• Politics & Government

South Korean President’s Diplomacy Yields Gains, Domestic Results Lackluster

Pool photo / The Yomiuri Shimbun
Prime Minister Fumio Kishida, center, and South Korean President Yoon Suk Yeol, left, are seen in Seoul on Sunday.

SEOUL — The improvement of relations with Japan as well as the strengthening of trilateral cooperation with the United States have been a long-cherished path advocated by South Korean President Yoon Suk Yeol since even before he took the post in May last year.

“It took 12 years to resume reciprocal visits, but it didn’t take two months for the two of us to visit each other,” Yoon said in Seoul on Sunday, referring to Prime Minister Fumio Kishida’s arrival that day for a summit and his visit to Japan in March.

Yoon’s administration has broken from the previous administration’s foreign policy strategy that tended to favor reconciliation with North Korea. Instead, his administration advocates becoming a “global pivotal state” that makes contributions in the international community commensurate with its economic power.

With China among the nations in mind, South Korea’s version of an Indo-Pacific strategy released last December clearly states its opposition to “unilateral change of status quo by force.”

Sunday’s summit with Kishida can be seen as an achievement of Yoon’s proactive efforts to improve bilateral relations.

“The two leaders were able to confirm cooperation in a wide range of fields, including security cooperation, economic security and the expansion of people-to-people exchanges,” an official of the South Korean presidential office said after the summit.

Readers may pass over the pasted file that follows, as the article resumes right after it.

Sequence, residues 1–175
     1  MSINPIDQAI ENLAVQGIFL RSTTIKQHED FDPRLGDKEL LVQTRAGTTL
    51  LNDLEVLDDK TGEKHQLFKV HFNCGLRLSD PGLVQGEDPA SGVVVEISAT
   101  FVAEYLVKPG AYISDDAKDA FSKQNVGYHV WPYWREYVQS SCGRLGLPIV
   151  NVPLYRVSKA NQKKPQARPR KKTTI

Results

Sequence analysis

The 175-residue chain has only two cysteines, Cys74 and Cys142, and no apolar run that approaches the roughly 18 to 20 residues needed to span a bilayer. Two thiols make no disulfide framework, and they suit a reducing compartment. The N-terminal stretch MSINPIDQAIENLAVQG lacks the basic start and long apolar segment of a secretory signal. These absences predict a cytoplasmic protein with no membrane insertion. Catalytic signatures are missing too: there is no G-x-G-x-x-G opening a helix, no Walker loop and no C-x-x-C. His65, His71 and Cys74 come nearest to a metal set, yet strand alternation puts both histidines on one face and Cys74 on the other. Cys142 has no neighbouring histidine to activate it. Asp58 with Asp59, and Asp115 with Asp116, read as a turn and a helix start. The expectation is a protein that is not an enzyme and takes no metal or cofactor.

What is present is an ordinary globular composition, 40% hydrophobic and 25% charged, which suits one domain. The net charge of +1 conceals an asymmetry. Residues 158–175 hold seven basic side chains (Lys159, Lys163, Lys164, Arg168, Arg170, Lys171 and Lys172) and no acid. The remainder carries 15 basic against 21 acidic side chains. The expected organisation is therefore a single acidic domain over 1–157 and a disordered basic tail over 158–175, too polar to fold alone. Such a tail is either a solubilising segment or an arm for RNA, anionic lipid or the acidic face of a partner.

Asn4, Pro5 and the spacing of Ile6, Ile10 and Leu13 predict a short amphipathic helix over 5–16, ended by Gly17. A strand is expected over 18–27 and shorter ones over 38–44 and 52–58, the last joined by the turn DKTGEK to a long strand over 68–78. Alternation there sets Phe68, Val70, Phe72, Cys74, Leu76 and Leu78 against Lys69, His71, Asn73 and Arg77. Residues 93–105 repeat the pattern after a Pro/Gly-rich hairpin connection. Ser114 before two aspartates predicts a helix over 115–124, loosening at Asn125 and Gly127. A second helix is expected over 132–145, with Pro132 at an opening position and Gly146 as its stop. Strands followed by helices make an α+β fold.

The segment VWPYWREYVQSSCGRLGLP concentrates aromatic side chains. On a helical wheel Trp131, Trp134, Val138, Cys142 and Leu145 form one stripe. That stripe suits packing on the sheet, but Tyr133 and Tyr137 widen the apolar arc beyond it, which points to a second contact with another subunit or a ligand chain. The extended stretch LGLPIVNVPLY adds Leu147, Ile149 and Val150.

Diplomacy with Japan began to make progress on March 6 when the Yoon administration announced a solution to the lawsuits related to former requisitioned workers from the Korean Peninsula.

After the Kishida-Yoon summit in Tokyo on March 16, South Korea put Japan back on its so-called white list of countries that receive preferential treatment through simplified export procedures, reflecting how keen Yoon’s government was on the swift improvement in relations. It had been four years since Japan was on the list.

South Korea will attend the G7 summit in Hiroshima later this month as an invited country. Combined with the recent diplomatic developments, Yoon aims to link them as the achievements of his administration.

Domestically, however, it is difficult to say that his diplomacy is contributing to growing support for his administration. According to a Gallup Korea poll released Friday, Yoon’s approval rating rose to 33%, up 3 percentage points from the previous week, well behind the 57% disapproval rating.

How much understanding Yoon will gain among the people of South Korea regarding his moves to improve relations with Japan will be the next challenge.